When Barack Obama starts his new job as president of the United States on Jan. 20, he'll have an army of advisers helping him decide what to do, say and think. Not so for the average Joe starting a new position -- plumber or otherwise.
When it comes to proving an employer made the right decision by hiring us, we have to fend for ourselves.
Despite the economic freefall and record-setting layoffs, some companies are still trolling for employees. Monster.com has 302 upcoming job fairs scheduled in 77 U.S. cities. The job-search engine LinkUp, which mines the jobs pages of more than 10,000 company Web sites for fresh listings, had more than a million openings in its database last month. And, in spite of the recent decline in financial sector job listings, the niche site Jobs4Point0.com, which features original listings purchased by companies seeking workers older than 40, has seen a 10 percent increase in listings in the past year.
Most important, people are still getting hired. According to the Bureau of Labor Statistics, about 4.3 million U.S. workers were hired in September, including part-timers, temps, contract workers and seasonal workers. Yes, job growth is down in most business sectors. But 4.3 million hires is still 4.3 million hires.
While you might be gainfully employed or pounding the pavement for a new position now, eventually you will find yourself at your own inauguration day for a full-time, part-time, temporary, seasonal or consulting job. If it has been a few years (or decades) since you started a new position, it's natural to feel anxious and unsure about the best way to conduct yourself in your new environs: Should you speak up in meetings? Mention that the custom database the department uses crashes every five minutes? Let on that you have no idea what the acronym everyone's been using for the past 45 minutes means?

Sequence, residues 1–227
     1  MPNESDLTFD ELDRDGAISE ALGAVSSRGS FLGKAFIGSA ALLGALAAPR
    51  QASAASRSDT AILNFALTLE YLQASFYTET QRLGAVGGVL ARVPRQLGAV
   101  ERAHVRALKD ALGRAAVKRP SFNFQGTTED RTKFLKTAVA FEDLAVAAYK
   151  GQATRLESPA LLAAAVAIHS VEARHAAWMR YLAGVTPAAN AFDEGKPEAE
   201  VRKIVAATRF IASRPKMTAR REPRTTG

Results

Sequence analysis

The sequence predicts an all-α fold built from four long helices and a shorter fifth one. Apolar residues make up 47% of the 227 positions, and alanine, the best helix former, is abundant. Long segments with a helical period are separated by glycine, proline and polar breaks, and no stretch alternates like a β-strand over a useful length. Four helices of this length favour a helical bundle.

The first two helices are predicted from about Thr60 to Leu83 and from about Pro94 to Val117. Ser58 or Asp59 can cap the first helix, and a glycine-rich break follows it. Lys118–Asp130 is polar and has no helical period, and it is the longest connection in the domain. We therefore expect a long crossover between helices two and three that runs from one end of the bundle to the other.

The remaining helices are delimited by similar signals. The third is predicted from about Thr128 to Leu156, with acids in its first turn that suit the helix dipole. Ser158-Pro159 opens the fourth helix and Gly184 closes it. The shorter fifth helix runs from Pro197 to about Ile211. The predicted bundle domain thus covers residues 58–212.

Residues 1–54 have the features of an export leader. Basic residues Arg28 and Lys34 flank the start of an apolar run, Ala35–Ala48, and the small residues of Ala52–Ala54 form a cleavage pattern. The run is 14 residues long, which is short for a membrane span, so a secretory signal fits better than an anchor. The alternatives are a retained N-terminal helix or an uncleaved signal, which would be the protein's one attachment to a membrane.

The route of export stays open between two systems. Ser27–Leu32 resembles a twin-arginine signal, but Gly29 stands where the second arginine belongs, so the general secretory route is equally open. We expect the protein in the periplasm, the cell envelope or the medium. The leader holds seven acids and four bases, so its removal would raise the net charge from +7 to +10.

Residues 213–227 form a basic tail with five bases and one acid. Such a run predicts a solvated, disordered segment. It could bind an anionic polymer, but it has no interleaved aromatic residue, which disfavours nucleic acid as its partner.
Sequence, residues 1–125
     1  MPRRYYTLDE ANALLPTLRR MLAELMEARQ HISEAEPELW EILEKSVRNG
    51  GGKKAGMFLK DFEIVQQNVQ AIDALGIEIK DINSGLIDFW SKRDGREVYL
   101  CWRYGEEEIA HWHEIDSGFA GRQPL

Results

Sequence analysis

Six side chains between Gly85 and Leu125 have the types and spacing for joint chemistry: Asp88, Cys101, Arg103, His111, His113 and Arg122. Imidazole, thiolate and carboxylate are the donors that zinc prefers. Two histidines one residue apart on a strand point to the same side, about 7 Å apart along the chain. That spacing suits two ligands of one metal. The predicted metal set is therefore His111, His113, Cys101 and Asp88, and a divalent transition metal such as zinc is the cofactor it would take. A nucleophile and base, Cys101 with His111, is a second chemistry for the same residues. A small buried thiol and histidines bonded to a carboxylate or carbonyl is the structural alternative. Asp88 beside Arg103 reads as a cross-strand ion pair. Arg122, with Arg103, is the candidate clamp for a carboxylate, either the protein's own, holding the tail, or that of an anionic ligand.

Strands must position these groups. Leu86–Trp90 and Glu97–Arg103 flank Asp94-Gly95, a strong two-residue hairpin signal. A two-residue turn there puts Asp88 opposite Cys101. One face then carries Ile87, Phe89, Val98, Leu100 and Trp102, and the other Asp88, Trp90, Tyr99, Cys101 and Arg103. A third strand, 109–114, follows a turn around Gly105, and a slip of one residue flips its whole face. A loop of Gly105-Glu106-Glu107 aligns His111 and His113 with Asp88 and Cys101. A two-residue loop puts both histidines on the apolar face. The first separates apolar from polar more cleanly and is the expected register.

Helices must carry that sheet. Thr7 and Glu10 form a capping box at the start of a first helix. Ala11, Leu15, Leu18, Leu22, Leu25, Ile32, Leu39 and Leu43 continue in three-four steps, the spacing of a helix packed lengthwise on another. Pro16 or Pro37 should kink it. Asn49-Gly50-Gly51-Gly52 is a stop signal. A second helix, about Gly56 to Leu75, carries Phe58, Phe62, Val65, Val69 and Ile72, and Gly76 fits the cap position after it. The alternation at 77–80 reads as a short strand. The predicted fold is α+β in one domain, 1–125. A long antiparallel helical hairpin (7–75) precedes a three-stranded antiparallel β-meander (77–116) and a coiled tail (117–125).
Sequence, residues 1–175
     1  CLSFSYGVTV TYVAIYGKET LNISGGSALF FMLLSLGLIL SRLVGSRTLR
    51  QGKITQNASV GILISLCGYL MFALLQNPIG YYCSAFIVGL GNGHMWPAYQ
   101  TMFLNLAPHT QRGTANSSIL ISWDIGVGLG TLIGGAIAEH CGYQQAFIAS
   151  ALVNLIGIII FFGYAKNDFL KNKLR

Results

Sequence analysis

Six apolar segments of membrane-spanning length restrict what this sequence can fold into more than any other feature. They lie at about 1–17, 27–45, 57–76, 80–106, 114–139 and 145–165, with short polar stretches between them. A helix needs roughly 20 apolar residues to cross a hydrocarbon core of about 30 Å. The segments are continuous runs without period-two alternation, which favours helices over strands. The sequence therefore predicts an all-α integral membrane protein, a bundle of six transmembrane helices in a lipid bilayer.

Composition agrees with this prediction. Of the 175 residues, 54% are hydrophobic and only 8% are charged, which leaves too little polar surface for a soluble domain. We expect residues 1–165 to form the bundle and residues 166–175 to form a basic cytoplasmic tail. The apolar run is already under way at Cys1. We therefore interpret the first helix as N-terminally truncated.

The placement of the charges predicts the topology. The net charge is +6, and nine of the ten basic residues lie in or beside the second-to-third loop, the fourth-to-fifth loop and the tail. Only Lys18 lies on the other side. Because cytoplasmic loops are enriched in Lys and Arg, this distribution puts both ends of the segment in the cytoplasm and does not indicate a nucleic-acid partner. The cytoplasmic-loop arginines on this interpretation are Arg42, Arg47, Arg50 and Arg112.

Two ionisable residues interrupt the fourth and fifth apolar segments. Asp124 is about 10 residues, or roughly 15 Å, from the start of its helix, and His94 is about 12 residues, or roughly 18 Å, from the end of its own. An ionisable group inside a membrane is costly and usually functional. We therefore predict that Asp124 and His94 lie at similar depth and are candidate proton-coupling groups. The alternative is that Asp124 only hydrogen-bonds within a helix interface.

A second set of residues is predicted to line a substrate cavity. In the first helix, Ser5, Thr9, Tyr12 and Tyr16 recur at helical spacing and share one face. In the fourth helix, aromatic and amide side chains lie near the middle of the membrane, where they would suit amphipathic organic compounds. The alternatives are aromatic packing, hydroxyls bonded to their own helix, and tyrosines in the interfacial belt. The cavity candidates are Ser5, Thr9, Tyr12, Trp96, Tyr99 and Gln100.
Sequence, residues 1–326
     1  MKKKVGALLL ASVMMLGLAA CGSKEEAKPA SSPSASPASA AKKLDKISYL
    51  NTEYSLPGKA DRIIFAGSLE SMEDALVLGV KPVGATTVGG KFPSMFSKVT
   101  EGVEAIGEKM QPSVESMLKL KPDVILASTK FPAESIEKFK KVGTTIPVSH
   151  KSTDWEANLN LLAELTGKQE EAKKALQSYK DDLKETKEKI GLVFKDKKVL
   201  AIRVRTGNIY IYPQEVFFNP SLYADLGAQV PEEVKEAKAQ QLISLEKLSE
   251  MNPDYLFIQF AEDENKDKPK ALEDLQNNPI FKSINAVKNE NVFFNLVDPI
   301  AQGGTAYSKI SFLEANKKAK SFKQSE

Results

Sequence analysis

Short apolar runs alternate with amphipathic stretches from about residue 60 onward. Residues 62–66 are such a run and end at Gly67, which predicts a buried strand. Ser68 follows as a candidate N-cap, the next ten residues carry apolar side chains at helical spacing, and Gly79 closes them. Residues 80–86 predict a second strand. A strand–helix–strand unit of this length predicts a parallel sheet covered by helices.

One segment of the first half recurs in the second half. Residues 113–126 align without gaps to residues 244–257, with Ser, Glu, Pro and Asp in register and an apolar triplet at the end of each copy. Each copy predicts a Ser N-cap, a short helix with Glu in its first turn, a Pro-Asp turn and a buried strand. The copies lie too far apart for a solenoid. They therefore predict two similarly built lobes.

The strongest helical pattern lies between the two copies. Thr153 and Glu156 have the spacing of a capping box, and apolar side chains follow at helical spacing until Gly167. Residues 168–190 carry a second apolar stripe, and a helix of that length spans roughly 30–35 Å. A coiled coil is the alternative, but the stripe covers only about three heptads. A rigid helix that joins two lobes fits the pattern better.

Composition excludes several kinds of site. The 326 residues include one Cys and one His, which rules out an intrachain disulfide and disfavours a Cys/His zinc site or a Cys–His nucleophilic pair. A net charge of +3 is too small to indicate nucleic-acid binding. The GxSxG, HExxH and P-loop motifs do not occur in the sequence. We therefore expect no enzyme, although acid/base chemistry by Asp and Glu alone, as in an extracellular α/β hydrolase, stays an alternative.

When starting a new gig, you want to strike the right balance between team player and self-sufficient superhero. So let's talk about what you should do to ensure you hit the ground running and make the best possible first impression (just like that guy in the White House).
Your first order of business is to sniff out the corporate culture and interpersonal dynamics.
"Study how people present themselves, how they work together and how they interact with executives, managers and clients," said Alexandra Levit, who has written about job hunting and hiring practices in four books, including "How'd You Score That Gig? A Guide to the Coolest Jobs (and How to Get Them)."
In other words, it's important to detect early on who the decision makers, rock stars, workhorses and whiners are. But don't stop there. Observe the organization's attitudes toward work-life balance, too.
"Watch how employees conduct non-company business during the workday so that you can get a sense of how personal breaks, e-mail, and phone calls will be tolerated," Levit said.
Likewise, don't wait to be spoon-fed basic company information. Dig it up yourself.
"Read everything on every bulletin board you can find," said Paul Gruenther, a corporate expat and real estate agent in Jacksonville Beach, Fla., who has been in the employment trenches 30 years. "Write down everyone's name and look them up in the online directory. Ask for organization charts."